The ‘Delay Time’ and ‘Mix’ controls function as you’d expect, are easy to tweak, and the pots have the right curve. With the ‘Mix’ knob maxed out, the signal is 100% wet, which is useful for more elaborate or experimental rigs (although it can be a little confusing rhythmically).
The tone control is very well executed and really adds a lot to the Echorec’s character, allowing the oscillations to develop into this chirpy sound at maximum or really and dark and bassy at minimum, so much so that the amount of low end causes the circuit to actually oscillate a little earlier and obviously pushes the amp into breakup sooner.
The modulation, with the trimmer set to the factory setting, is quite apparent but not obtrusive, and although I preferred it this way, it’s nice to have options, as I could imagine situations where a lighter modulation or maybe none at all, might be appropriate.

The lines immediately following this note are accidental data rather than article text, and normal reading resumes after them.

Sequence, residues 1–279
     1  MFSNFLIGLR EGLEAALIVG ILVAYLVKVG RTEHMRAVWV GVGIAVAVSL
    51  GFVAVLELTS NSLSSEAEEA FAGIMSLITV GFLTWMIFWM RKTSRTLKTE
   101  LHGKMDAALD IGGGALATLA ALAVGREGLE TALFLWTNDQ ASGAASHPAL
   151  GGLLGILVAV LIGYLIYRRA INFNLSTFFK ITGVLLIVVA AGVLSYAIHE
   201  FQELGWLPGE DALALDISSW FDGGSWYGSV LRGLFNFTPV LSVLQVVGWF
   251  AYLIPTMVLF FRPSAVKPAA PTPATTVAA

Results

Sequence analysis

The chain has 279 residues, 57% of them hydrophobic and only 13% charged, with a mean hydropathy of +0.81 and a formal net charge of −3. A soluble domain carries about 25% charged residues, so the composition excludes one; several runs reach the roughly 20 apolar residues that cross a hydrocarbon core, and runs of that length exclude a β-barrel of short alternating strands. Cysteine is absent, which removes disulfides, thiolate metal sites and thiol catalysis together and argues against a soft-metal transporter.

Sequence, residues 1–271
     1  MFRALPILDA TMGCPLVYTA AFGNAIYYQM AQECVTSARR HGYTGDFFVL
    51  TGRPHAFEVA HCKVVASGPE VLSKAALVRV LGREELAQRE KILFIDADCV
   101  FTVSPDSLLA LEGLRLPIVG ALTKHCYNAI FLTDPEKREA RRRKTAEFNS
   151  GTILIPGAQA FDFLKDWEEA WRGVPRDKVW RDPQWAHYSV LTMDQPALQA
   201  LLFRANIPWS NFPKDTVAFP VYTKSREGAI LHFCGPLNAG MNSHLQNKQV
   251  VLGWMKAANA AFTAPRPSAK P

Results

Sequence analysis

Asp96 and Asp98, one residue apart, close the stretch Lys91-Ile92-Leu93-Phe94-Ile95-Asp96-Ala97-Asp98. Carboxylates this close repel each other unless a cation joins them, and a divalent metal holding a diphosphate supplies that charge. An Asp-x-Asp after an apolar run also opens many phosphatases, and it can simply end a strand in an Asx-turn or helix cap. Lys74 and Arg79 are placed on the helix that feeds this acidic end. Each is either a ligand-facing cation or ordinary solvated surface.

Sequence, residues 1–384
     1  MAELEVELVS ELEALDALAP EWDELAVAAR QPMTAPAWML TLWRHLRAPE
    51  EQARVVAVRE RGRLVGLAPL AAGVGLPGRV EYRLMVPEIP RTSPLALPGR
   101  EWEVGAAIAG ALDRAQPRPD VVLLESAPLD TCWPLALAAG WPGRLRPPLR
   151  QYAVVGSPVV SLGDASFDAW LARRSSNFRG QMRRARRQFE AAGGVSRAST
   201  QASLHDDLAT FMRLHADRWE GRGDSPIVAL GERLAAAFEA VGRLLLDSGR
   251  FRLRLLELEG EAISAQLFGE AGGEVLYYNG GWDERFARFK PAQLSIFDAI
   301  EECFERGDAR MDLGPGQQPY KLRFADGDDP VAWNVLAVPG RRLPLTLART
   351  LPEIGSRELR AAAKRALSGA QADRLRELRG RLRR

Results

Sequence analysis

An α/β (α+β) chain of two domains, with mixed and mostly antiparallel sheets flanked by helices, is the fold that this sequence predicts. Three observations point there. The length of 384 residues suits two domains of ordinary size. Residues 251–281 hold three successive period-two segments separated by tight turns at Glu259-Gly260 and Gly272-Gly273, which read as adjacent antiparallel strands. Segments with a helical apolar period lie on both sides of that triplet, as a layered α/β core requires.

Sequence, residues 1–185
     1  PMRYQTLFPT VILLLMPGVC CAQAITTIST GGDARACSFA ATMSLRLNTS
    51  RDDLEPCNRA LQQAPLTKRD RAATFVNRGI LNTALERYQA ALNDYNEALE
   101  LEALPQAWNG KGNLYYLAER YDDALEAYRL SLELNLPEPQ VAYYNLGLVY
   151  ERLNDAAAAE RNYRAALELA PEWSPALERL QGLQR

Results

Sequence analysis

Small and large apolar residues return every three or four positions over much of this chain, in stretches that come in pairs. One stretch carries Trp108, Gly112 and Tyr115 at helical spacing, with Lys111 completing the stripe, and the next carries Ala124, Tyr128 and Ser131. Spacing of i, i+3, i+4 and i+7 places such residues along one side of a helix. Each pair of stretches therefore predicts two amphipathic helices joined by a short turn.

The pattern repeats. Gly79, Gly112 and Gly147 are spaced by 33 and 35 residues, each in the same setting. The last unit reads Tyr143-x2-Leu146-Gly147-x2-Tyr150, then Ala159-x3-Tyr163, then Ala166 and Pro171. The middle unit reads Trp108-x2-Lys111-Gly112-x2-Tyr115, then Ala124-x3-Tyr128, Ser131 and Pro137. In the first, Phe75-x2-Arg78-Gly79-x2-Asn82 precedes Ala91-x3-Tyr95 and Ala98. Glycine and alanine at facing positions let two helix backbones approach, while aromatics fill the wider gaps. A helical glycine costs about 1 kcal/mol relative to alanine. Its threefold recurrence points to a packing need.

On the inside, apart from the modulation trimmer, the bottom of the circuit board houses the buffer circuitry. This is an important aspect of the Echorec, and Catalinbread recommend it to be set to buffered bypass as an overall tone enhancement, meaning the buffer and its adjustable gain setting are affecting the signal at all times. I did like the sound of the buffer after I tweaked it to be at unity gain. And of course this method keeps the trails intact after switching the pedal off, which is essential when going for smooth transitions, but again, it’s great to have the choice.
With the ‘Gain’ trimmer set to maximum it overloads the circuitry to the point of heavy clipping, turning it into a fuzz, or fuzz/delay with the Echorec engaged. I thought this was fun when pushing a somewhat dirty amp (to smooth out the highs), but it’s not for everyone as the volume boost is huge.
Running it any higher than 9v (up to 18v) does indeed increase the headroom, which is useful when running instruments or pedals with a higher dynamic range in front of it, which I did briefly when using it with a synth.
As with all Catalinbread guitar pedals, I dig the aesthetics and overall feel, and it wouldn’t be hard to justify having it occupy a small corner on any pedalboard.